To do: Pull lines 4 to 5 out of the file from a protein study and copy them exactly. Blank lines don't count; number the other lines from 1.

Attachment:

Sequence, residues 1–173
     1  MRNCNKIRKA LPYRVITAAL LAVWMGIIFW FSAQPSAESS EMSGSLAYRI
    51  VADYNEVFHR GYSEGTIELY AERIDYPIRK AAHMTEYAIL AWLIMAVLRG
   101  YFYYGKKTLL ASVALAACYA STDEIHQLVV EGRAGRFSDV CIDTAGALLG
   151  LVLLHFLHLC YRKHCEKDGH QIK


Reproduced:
   101  YFYYGKKTLL ASVALAACYA STDEIHQLVV EGRAGRFSDV CIDTAGALLG
   151  LVLLHFLHLC YRKHCEKDGH QIK